For the countries in Eastern Europe and the South Caucasus, the current crisis between the West and Russia over Ukraine along with the US-Russian dialogue on European security issues are of existential importance in terms of their independent statehood and sovereignty. Almost all the former Soviet states in the region are under the risk of facing similar threats that now jeopardize Ukraine’s national security.
These threats are not only those posed by Russia’s resolve to prevent the Euro-Atlantic integration of these countries and as such maintain or return them within its sphere of influence at any rate but also by the unwillingness or incapability of most Western powers to effectively support the regional states in the face of critical security challenges. While Russia’s behaviors are not new or unexpected for the countries of the region, the self-centered policies of some leading Western states that have further complicated Ukraine’s situation are disappointing and necessitate comprehensive re-consideration of the geopolitical realities in the region.
For Azerbaijan, it is another testimony to the importance of multilateral approach the country has been pursuing since the mid-1990s. Thanks to this policy line Azerbaijan has so far been able to safeguard its sovereignty, recover its territorial integrity, implement many large-scale projects with different global powers, etc. – without provoking any great power backlash.
The new situation in the region poses, however, some critical questions: What do the ongoing crisis between the West and Russia and the US-Russia strategic stability dialogue mean for Azerbaijan? Will Azerbaijan be able to maintain multilateralism in foreign policy under the new threats posed by the growing rivalries between the West and Russia? What does Azerbaijan need to be able to stave off these threats that challenge its independence and sovereignty?
These questions have yet to be addressed to the official representatives of the country in any media inquiry. However, the country’s President Ilham Aliyev, in his press-conference with the local media on January 12, indirectly touched upon these threats the country is facing:
“In general, if we go beyond the context of Azerbaijan, we can see that the big countries are already openly declaring that international law does not matter to them. Whilst in the past they wanted to cover it up with some statements, it is no longer the case now. I describe this as political cynicism and it has already reached an extreme level. Under such circumstances, if the countries that developed these rules and approved them after World War II behave in this way, what should other countries do? Then other countries, as they say, should take action on their own. We have been doing this for a long time… [A]s a responsible member of the international community and a country chairing the Non-Aligned Movement, Azerbaijan will, of course, continue to defend the rule of international law”.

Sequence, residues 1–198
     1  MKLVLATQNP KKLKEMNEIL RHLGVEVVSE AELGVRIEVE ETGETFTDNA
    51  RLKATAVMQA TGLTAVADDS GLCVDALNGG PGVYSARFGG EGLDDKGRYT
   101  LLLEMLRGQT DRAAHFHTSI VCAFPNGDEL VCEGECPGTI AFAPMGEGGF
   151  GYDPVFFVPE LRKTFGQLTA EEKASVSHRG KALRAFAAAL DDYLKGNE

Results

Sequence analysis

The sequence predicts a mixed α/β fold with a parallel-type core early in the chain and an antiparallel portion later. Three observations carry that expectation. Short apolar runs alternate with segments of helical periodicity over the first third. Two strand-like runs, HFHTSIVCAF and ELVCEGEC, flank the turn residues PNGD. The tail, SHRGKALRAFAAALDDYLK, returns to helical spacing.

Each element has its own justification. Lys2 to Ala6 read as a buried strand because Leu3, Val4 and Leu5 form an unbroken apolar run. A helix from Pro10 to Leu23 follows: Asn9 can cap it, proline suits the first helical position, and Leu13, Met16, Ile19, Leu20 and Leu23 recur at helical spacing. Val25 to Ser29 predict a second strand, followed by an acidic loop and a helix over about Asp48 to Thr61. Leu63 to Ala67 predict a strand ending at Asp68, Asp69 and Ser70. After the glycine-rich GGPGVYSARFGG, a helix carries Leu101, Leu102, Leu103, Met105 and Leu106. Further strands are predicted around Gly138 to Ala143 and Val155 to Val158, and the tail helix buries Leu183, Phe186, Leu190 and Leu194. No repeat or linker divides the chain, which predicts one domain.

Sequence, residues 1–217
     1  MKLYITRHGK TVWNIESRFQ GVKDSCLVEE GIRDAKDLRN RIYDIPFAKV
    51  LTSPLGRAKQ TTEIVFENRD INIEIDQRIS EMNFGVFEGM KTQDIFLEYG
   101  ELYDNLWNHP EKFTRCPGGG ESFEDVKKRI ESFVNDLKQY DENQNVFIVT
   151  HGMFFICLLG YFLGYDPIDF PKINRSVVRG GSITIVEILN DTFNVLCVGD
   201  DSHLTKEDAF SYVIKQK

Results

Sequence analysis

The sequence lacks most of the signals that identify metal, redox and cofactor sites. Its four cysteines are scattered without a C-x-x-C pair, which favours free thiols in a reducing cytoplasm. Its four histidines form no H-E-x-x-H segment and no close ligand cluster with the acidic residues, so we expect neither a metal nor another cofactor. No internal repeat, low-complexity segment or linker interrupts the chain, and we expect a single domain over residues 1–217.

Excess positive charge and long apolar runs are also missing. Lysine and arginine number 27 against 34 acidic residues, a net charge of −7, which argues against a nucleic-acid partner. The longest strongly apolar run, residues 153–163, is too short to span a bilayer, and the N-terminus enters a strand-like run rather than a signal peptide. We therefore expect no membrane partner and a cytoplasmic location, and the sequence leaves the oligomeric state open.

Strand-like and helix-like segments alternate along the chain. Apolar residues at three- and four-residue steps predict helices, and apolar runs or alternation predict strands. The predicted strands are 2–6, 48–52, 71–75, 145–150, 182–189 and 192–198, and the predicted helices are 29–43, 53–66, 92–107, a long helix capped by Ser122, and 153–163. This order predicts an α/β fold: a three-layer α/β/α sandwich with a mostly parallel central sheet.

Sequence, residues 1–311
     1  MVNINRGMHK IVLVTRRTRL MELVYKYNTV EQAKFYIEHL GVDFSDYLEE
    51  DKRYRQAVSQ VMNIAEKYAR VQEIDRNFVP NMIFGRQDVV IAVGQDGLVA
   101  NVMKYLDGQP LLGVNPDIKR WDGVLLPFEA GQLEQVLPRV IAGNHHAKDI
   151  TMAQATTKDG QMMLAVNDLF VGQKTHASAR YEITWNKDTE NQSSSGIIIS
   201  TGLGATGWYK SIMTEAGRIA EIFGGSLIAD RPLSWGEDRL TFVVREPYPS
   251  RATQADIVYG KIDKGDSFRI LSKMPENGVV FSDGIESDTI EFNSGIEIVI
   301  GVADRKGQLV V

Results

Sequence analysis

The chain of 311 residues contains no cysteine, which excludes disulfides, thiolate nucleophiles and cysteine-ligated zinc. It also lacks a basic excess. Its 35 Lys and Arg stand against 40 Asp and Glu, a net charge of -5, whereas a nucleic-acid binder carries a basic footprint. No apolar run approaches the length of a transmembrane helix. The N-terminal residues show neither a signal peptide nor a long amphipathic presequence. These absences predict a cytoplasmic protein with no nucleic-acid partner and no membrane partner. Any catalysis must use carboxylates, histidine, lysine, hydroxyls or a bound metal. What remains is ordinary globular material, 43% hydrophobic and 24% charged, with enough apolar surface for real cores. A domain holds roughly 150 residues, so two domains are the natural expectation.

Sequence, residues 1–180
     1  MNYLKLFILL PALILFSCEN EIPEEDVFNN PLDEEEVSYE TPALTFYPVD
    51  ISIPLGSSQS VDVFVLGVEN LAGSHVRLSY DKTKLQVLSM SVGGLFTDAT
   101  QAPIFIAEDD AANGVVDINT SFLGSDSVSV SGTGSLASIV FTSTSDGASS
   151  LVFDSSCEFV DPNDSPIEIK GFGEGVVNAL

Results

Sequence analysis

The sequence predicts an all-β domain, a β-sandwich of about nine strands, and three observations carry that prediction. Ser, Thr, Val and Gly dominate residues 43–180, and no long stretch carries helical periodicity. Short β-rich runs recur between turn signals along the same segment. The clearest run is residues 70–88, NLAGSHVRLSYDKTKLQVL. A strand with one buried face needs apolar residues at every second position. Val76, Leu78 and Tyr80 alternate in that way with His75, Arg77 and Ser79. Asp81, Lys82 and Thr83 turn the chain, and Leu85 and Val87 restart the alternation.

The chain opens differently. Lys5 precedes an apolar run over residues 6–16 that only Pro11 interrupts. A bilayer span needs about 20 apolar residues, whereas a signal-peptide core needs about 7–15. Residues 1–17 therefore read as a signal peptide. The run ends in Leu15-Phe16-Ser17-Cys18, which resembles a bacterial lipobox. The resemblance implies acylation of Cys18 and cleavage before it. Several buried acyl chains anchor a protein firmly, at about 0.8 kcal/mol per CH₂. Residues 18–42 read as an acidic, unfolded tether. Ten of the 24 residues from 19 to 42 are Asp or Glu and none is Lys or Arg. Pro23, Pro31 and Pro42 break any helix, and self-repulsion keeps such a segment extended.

Many conclusions can be drawn from this statement, but one thing is clear from the policies of the Azerbaijani government: Baku does not put its all eggs in one basket, as Ukraine unfortunately did. Azerbaijan closely and realistically follows the imperatives of the regional balance of power and avoids imprudently relying on hypothetical support of any other state in the face of any serious security challenge might be posed by other state or bloc of states. Reinforcing its role within the Non-Aligned Movement, Azerbaijan clearly expresses its preference in foreign policy and seeks to mitigate the threats posed by the tensions between the West and Russia.
For the expert community of Azerbaijan, there are overarching threats to the national security of the country. Some experts believe that the security guarantees Russia demands from the NATO, if realized, would limit Azerbaijan’s scope for maneuvering in foreign policy, its room for cooperation with other states, including the NATO member and Azerbaijan’s major ally Turkey.
“The draft treaty Russia has put forward prevents any additional Azerbaijani-Turkish military cooperation beyond the existing stage. For instance, it makes the establishment of permanent Turkish military bases in Azerbaijan impossible. Moreover, these proposals basically prohibit Azerbaijan’s NATO membership which the country might want to pursue in the future”, Shahin Jafarli, a pro-Western Azerbaijani expert, writes.
These proposals “clearly contain provisions that threaten the national interests and security of Azerbaijan”, another Azerbaijani expert with pro-Western sentiments protests, because of the similar concerns mentioned above.
However, in fact, Azerbaijan and Turkey have deepened relations in the military sphere and the 2020 Shusha Declaration created a unique legal framework in post-Soviet space – both countries pledged to support each other’s national security, which basically means that Turkey is expected to act if any threats to Azerbaijan’s sovereignty and territorial integrity emerge. Formally Russia did not object to such an arrangement – Moscow is more concerned about NATO expansion into the South Caucasus (primarily Georgia) and has had to reconcile with the Turkish presence in Azerbaijan.
As for the West, Azerbaijan never relied on NATO or EU in its pursuit of the restoration of its territorial integrity as some key members, for example France, tend to politically support Armenia. While the West will remain an important economic partner of Azerbaijan, with regard to challenges to its security Azerbaijan will be dealing with Ankara and Moscow bilaterally.
The recent victory the country achieved over Armenia in the Second Karabakh War, and thereafter the liberation of the formerly occupied territories of the country has created more opportunities in this respect. Azerbaijan will continue to develop relations with all major powers while safeguarding its independence and national sovereignty.